A few biographical details about Saint George of Atsquri have been preserved in the writings of the famous 10th-century Georgian hagiographers George Merchule and Basil of Zarzma.
Saint George of Atsquri lived at the end of the 9th and the beginning of the 10th centuries. A member of the aristocratic and pious Shuartqeli family, Saint George was raised and educated in the environs of Georgia’s renowned Opiza Monastery in Klarjeti.
Four years after the death of the great feudal lord George Chorchaneli, Saint George succeeded him as ruler of the Samtskhe region. At that time a bitter conflict arose over who was the rightful heir to Chorchaneli’s inheritance.
While serving as the chief political leader of Samtskhe, Saint George also directed the region’s spiritual life, wisely administering the ancient Atsquri diocese for many years. According to tradition, the diocese of Atsquri was founded by the holy Apostle Andrew the First-called, who left there the “Not-Made-By-Hands” icon of the Most Holy Theotokos (known as the Atsquri Icon of the Mother of God) as an offering to the Georgian Church.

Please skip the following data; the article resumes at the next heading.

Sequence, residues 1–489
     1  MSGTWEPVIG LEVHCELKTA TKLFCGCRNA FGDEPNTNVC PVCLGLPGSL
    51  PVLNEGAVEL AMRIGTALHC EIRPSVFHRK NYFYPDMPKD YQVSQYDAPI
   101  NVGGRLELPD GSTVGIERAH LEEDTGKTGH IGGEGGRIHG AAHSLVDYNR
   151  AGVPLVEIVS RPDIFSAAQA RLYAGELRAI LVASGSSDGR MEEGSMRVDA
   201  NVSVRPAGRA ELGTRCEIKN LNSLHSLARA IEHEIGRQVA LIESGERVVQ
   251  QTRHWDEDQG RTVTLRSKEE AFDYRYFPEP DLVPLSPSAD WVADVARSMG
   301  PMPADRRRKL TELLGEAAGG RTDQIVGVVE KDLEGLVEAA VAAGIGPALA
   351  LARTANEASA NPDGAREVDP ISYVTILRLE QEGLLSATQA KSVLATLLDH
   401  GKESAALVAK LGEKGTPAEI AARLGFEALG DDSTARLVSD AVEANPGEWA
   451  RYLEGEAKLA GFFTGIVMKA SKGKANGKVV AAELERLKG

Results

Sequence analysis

Though his literary works have not been preserved, Saint George is also commemorated as a great writer of the Church.
In his book The Life of Saint Grigol of Khandzta, Saint George Merchule notes that Saint George of Atsquri made some of the most significant contributions to the biographical writings on Saint Grigol of Khandzta. Saint George of Atsquri was a close companion of Saint Serapion of Zarzma. He was present at his burial and contributed much to the hagiographical writings on his life and works.